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The Harlem Underground: Harlem Underground (Hubbub, CD/ LP). Previously available only to those prepared to invest half the gross national product of Qatar, George Benson's five-track, 35-minute renegade soul odyssey is now within the price range of normal people too. And - 20 years after its original release - not a moment before time. The deliriously dope-addled opening number is as near to essential listening as any song called "Smokin' Cheeba Cheeba" possibly can be, and the epic "Fed Up" - in which producer's wife Ann Winley delivers the immortal kiss-off line "Goodbye and good luck to you and all your bitches" - is one of the most memorable domestic arguments ever set to music. Ben Thompson

Alex Chilton: Like Flies on Sherbert (Cooking Vinyl, CD only). Anyone curious about the enduring mystique of Memphis maverick and one time Big Star luminary Alex Chilton need look no further for enlightenment than this very welcome reissue. Recorded in late 1978 under the conflicting influences of punk rock and valium, Like Flies on Sherbert is one of the most delightfully degenerate moments in the history of American pop. It starts with a chaotic assault on KC & The Sunshine Band's "Boogie Shoes" and finishes with an inebriated lunge at country pioneers The Carter Family. Among Chilton's own compositions, the alarmingly predatory "Hey! Little Girl" stands out, but there is no shortage of competition in the louche stomp stakes. Value-for-money pedants be advised: this disc is only 34 minutes long, but it doesn't need to be any longer. BT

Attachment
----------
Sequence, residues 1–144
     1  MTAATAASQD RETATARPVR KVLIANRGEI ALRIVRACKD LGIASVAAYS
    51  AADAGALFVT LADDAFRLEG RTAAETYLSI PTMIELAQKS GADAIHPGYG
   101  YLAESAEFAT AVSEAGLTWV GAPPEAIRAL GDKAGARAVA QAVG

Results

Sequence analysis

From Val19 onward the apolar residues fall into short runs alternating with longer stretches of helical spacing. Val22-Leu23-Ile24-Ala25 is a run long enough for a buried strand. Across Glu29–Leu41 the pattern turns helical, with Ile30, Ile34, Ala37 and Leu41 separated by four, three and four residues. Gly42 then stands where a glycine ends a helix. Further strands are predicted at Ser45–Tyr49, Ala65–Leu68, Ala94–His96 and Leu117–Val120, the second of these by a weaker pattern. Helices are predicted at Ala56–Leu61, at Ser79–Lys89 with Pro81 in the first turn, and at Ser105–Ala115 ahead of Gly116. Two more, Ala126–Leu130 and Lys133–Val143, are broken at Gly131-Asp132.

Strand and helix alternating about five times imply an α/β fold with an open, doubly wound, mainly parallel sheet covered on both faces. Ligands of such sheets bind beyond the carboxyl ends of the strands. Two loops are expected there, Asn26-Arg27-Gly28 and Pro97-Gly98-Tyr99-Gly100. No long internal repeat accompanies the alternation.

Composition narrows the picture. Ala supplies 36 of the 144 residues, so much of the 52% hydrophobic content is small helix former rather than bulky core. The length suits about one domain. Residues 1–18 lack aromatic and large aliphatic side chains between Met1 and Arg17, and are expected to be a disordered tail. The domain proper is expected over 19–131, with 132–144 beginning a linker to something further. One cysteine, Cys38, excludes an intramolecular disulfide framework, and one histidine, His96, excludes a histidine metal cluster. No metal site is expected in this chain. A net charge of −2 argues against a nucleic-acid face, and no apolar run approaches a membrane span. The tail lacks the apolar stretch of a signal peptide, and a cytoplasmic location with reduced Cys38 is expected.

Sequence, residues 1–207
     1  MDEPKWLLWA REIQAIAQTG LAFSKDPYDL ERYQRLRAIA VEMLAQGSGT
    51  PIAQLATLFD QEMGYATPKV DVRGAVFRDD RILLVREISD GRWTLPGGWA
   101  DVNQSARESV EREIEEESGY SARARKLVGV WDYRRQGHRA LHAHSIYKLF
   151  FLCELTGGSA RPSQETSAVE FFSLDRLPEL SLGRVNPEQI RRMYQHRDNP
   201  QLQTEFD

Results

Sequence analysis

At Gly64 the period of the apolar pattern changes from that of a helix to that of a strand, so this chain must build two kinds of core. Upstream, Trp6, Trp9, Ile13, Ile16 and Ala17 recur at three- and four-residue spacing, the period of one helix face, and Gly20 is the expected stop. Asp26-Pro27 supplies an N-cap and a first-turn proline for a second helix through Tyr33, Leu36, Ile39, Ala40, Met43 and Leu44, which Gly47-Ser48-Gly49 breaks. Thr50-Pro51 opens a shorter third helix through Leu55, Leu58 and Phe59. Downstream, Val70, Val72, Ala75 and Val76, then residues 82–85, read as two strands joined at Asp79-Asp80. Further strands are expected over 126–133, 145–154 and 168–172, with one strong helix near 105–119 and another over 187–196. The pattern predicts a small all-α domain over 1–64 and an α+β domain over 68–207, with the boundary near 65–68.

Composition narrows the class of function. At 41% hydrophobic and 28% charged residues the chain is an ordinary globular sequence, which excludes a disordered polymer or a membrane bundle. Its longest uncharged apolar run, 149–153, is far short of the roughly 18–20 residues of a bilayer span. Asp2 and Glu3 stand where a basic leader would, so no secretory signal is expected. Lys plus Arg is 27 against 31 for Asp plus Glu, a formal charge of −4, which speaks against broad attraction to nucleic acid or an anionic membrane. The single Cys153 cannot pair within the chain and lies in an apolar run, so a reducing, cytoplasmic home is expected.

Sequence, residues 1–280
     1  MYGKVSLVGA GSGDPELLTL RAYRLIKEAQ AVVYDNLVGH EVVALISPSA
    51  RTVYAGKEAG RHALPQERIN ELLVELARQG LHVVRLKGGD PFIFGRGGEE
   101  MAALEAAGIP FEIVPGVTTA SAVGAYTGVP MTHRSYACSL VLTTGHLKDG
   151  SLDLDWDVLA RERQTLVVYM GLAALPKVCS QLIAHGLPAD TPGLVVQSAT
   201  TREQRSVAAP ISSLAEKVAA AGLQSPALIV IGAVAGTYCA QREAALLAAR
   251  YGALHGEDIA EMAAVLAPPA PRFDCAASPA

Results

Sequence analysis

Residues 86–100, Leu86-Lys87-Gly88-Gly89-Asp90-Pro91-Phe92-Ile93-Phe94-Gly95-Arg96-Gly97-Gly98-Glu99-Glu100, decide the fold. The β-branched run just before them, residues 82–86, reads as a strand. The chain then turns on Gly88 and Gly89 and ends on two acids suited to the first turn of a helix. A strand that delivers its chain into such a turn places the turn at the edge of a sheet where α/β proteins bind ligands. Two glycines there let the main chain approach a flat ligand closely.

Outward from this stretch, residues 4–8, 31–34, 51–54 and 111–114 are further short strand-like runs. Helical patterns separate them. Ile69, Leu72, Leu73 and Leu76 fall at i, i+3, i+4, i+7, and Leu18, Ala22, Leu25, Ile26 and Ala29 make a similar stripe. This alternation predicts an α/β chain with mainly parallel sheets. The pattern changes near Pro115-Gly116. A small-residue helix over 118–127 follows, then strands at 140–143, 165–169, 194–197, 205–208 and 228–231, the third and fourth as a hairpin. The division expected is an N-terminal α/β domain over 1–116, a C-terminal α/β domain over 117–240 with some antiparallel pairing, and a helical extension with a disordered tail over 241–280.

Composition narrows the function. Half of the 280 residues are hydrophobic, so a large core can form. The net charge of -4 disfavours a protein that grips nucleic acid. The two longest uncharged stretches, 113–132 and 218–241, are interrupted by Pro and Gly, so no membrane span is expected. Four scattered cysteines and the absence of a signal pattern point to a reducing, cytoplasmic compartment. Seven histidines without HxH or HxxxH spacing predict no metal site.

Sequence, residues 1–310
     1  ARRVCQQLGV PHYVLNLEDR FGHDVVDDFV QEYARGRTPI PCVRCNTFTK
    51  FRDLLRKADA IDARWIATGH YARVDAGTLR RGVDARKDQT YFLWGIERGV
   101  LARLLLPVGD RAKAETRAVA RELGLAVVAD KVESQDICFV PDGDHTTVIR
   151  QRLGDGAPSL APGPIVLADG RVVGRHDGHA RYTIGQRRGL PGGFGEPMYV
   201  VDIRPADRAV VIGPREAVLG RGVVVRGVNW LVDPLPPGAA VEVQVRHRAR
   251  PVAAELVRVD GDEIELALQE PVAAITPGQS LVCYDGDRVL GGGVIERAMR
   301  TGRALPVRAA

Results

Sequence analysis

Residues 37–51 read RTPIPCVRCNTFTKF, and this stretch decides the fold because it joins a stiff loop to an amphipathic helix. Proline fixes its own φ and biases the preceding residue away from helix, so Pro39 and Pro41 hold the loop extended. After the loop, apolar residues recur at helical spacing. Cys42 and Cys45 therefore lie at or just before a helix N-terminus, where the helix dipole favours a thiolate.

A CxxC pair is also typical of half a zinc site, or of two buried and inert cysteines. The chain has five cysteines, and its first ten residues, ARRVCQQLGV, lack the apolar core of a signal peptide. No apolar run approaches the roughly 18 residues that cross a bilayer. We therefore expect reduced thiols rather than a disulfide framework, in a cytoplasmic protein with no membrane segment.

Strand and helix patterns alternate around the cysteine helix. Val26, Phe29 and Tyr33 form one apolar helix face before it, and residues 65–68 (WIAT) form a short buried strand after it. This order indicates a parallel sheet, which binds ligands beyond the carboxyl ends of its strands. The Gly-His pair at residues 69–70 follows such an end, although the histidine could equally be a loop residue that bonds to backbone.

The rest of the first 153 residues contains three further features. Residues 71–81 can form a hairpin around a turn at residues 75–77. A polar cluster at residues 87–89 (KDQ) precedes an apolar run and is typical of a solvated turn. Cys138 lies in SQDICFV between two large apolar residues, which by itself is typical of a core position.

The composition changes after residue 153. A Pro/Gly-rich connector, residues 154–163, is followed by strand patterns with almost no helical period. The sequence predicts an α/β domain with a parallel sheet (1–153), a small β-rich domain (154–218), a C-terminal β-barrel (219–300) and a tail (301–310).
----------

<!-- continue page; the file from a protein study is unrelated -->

Various Artists: Shaken Not Stirred (Rykodisc, CD only). Wonderfully cheesy, often quite avant-garde selection of Sixties lounge music culled from Californian Hifi Recordings' "Living Presence" series - which means bongos and birdcalls in a cinemascope-wide stereo image. Harold Land and Buddy Collette are among the jazz musicians, Leon Russell and Glen Campbell among the popsters lending their talents to such a mondo-bizarre enterprise. Phil Johnson

The Art of Alfred Brendel: Schubert (Philips, CD only). That we now hear Schubert's piano sonatas as radical, often unsettling, musical adventures, rather than the unconsidered trifles of a master song writer, is thanks largely to Alfred Brendel, 65 last month. A good selection of Brendel's Seventies recordings of Schubert are in this birthday box: 10 sonatas, including the last great three, the walloping symphony of the Wanderer fantasy, plus a bundle of Ecossaises, German dances and other chiselled epigrams. With playing that's intelligent and argumentative as well as grandly lyrical, these CDs remain a continual revelation. Dermot Clinch